Digital Natives (part 1)

“Children are the future of the country” if you want to know the future you should know how children are nowadays. The succeeding question is how are the children today?

Today’s children are born digital — born into a media-rich, networked world of infinite possibilities. But their digital lifestyle is about more than just cool gadgets; it’s about engagement, self-directed learning, creativity, social networking and empowerment.

The author of “Teaching Digital Natives” Marc Prensky says: “Today’s students have not just changed incrementally from those of the past, nor simply changed their slang, clothes, body adornments, or styles, as has happened between generations previously. A really big discontinuity has taken place”…. “the explosion of technology over the last 10 years is just the start of a symbiotic new world. Computers and handsets are becoming an extension of body and mind, creating a Cyborg-like population”.

You only have to realize how they spend their entire days surrounded by and using computers, videogames, digital music players, cell phones, tablets and all the other toys and tools of the digital age. Computer games, email, the Internet, social media and instant messaging are integral parts of their lives. They grow up with this new technology. They are Digital Natives. [Marc Prensky (2001a2001b) employs an analogy of native speakers and immigrants to describe the generation gap separating today’s students (the “Digital Natives”) from their teachers (the “Digital Immigrants”).]

Prensky defines Digital Natives as those born into an innate “new culture” while the digital immigrants are old-world settlers, who have lived in the analogue age and immigrated to the digital world.

Here is an image of a mind map created to show the differences between Digital Natives and Digital Immigrants:   (click to enlarge)


Digital Natives are used to receiving information really fast. They like to parallel process and multi-task. They prefer their graphics before their text rather than the opposite. They prefer random access (like hypertext). They function best when networked. They thrive on instant gratification and frequent rewards. They prefer games to “serious” work. The following infographic takes a look at today’s kids as compared to the children of the past:     Click here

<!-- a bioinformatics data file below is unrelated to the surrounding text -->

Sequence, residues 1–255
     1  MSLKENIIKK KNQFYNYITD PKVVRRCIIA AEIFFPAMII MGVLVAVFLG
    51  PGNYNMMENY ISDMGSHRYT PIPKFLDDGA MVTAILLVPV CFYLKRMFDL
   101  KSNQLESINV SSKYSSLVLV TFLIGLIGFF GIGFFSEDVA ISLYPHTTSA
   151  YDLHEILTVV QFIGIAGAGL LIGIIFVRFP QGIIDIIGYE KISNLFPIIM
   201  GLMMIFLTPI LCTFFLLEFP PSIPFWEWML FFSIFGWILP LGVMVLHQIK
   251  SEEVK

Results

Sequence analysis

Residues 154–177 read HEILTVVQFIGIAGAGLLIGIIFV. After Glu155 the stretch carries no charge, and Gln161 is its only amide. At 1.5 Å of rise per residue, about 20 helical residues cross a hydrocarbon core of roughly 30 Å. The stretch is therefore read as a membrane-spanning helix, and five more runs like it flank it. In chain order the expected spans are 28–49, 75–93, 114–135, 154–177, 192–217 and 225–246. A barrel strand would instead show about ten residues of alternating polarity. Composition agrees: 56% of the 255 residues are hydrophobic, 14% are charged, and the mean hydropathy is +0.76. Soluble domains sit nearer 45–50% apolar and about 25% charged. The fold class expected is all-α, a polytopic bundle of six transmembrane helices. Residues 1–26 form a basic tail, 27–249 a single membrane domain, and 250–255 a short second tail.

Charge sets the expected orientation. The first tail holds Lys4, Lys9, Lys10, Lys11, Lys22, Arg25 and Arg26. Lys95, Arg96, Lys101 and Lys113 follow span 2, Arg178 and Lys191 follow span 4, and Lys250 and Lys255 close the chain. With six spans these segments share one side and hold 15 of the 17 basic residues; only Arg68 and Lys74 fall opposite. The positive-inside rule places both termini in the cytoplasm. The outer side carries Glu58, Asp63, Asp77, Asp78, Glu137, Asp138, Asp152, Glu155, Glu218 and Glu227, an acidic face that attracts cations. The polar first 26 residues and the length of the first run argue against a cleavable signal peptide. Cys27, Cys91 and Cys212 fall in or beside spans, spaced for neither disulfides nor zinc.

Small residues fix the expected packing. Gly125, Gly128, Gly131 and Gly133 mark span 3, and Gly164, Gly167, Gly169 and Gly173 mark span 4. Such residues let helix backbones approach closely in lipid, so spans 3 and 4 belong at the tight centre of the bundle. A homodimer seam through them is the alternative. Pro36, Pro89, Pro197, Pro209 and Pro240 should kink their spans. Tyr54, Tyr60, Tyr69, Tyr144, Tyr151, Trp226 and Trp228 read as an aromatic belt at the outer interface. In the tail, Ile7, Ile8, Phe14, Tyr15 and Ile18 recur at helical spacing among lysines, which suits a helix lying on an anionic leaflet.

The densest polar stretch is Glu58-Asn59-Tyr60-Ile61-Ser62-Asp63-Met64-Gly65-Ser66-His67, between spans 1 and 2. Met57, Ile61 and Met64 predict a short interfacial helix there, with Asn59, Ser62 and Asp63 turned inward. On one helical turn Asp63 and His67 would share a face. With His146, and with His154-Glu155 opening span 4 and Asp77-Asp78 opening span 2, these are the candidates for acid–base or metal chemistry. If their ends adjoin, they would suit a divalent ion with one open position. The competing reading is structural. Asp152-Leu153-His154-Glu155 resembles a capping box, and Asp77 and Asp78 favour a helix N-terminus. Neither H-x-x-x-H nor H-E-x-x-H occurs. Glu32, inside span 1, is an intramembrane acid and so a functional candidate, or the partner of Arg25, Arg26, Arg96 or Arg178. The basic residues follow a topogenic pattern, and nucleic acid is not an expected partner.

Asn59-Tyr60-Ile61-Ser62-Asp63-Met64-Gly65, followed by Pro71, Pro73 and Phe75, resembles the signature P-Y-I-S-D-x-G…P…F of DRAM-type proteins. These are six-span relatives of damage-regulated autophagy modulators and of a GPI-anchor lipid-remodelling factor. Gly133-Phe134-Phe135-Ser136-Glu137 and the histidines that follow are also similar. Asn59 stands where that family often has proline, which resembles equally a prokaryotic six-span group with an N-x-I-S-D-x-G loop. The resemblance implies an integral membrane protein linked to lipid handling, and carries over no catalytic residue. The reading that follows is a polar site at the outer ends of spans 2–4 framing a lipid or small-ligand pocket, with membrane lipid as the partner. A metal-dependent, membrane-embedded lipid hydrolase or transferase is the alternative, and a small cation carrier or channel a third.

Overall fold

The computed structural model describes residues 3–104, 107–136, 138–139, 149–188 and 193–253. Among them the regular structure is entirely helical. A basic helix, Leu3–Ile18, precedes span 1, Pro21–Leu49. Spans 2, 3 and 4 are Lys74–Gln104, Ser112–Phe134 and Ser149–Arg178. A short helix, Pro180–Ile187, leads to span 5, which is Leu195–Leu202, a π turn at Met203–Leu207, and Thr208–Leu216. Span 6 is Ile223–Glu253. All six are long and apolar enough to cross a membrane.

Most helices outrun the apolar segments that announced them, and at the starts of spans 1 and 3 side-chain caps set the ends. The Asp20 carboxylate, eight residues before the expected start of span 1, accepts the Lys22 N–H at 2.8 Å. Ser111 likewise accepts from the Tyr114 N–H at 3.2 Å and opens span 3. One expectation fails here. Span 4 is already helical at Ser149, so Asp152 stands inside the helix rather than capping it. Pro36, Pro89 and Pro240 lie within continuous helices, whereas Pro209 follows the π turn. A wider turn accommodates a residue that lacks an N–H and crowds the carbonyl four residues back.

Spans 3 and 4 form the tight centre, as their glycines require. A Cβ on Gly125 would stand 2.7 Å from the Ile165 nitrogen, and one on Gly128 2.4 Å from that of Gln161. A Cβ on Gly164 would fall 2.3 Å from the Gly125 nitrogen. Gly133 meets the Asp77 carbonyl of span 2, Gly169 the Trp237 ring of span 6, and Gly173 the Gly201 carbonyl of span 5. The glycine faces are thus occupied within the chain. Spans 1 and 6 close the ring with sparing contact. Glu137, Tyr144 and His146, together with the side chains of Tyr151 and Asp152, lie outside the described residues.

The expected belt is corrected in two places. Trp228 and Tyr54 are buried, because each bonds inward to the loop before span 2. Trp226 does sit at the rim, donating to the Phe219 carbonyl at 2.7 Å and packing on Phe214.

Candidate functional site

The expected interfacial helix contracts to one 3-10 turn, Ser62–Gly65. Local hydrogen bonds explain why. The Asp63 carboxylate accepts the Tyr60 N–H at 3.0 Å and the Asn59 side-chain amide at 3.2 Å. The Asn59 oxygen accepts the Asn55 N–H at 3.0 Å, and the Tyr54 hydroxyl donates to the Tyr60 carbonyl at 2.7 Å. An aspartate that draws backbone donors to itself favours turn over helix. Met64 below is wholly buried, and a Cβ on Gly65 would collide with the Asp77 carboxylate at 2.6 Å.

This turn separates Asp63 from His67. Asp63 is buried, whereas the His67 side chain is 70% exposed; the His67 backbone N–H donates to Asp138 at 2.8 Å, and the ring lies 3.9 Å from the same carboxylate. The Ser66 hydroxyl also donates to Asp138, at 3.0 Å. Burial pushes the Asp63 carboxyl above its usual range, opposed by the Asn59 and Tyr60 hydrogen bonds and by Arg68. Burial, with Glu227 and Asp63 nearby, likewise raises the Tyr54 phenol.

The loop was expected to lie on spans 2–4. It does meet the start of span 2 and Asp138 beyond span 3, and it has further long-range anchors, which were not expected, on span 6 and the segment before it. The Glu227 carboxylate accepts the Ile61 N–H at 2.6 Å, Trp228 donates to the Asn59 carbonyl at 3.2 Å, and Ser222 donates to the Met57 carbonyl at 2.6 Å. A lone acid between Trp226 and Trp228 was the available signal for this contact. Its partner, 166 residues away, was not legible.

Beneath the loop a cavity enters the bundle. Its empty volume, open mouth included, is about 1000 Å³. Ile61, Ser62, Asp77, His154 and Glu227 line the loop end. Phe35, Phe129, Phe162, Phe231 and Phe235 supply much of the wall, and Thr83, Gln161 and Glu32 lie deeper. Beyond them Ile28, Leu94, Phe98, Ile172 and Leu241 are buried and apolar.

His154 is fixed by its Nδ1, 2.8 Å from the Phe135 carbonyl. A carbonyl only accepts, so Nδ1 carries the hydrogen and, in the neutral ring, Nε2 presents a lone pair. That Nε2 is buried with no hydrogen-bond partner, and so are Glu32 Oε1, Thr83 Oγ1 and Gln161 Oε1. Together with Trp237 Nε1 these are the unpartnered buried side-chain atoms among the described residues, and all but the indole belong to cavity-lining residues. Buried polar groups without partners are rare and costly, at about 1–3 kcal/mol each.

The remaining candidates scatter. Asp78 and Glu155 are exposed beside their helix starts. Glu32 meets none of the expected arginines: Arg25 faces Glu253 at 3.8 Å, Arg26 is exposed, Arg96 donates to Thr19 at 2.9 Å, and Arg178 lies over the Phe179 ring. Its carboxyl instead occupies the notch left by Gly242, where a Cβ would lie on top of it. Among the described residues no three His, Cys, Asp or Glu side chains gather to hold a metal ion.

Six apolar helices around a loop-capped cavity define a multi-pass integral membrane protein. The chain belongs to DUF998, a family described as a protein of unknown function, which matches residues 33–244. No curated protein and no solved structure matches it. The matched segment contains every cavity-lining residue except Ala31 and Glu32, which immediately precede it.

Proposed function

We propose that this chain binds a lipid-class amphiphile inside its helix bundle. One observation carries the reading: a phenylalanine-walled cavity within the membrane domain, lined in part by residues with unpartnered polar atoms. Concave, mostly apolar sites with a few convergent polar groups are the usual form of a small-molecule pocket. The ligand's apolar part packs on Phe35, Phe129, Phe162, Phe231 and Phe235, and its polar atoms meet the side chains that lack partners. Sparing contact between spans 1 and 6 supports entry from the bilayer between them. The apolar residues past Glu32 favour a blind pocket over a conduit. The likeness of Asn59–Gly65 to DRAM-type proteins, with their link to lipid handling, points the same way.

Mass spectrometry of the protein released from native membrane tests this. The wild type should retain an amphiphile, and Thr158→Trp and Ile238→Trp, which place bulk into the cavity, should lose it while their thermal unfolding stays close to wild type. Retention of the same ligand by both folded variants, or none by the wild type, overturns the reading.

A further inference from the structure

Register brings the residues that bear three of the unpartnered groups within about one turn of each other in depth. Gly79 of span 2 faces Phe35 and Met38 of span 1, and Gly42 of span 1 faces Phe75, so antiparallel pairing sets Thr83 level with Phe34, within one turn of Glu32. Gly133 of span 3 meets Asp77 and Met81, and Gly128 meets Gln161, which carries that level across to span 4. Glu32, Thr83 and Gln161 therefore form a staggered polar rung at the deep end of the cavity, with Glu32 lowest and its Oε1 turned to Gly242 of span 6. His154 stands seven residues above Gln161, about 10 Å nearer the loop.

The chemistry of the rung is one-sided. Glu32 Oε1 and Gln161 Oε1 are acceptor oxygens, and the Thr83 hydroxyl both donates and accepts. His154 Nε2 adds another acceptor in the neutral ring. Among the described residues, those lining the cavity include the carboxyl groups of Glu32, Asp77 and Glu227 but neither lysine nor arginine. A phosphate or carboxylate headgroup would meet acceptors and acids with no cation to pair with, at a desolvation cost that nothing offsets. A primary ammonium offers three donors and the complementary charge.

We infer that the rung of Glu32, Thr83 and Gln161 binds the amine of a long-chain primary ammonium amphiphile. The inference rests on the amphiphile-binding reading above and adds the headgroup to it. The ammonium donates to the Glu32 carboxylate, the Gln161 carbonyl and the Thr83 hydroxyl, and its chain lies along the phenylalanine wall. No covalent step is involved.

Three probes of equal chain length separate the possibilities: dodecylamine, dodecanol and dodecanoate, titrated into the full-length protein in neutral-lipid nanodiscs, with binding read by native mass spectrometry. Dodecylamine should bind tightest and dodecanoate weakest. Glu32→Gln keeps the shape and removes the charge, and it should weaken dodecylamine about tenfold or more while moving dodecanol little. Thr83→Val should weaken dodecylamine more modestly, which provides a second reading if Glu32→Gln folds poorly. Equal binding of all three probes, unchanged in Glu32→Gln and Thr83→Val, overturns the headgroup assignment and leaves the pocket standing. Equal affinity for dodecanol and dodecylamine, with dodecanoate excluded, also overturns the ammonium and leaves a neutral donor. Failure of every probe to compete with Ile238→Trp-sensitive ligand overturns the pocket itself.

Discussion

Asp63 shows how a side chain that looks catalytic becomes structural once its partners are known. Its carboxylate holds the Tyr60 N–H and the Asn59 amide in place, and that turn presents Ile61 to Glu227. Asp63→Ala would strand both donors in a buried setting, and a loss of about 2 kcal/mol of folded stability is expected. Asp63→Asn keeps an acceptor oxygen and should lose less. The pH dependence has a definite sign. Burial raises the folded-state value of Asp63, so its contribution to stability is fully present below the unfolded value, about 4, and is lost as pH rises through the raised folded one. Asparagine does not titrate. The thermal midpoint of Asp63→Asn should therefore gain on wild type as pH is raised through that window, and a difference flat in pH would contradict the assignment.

The single biggest problem facing education today is that our Digital Immigrant teachers, who speak an outdated language (that of the pre-digital age), are struggling to teach a population that speaks an entirely new language.

Parents live with it. Teachers see it daily. You can’t observe young people and not notice how smoothly and seamlessly they dive into new Web 2.0 communication technologies. With a flick of the cell phone, they share more texts, photos, music, and video than any other demographic group on Earth. Either way, the teachers, moms, and dads among us find ourselves on the outside peering into a world we neither know nor understand. Too often, we draw conclusions that miss the point — and the promise — of what these new communication tools offer. Sound familiar? Perhaps it’s time for all of us to explore the Web 2.0 frontier.


Digital Natives accustomed to the twitch-speed, multitasking, random-access, graphics-first, active, connected, fun, fantasy, quick-payoff world of their video games, social networking sites (facebook, tuenti, twitter, etc.), and Internet are bored by most of today’s education, well-meaning as it may be. But worse, the many skills that new technologies have actually enhanced (e.g., parallel processing, graphics awareness, and random access)—which have profound implications for their learning—are almost totally ignored by educators. Digital Immigrants typically have very little appreciation for these new skills that the Natives have acquired and perfected through years of interaction and practice. Every time Digital Natives go to school they have to power down.

Digital Natives1

The possible solutions will be discussed in the next post.